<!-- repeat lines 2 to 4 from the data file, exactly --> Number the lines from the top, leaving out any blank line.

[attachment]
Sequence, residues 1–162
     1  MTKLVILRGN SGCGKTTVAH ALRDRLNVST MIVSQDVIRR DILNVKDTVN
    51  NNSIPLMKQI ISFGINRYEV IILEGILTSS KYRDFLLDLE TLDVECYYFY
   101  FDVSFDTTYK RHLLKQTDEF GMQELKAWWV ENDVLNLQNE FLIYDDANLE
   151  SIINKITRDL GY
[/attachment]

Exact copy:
     1  MTKLVILRGN SGCGKTTVAH ALRDRLNVST MIVSQDVIRR DILNVKDTVN
    51  NNSIPLMKQI ISFGINRYEV IILEGILTSS KYRDFLLDLE TLDVECYYFY
   101  FDVSFDTTYK RHLLKQTDEF GMQELKAWWV ENDVLNLQNE FLIYDDANLE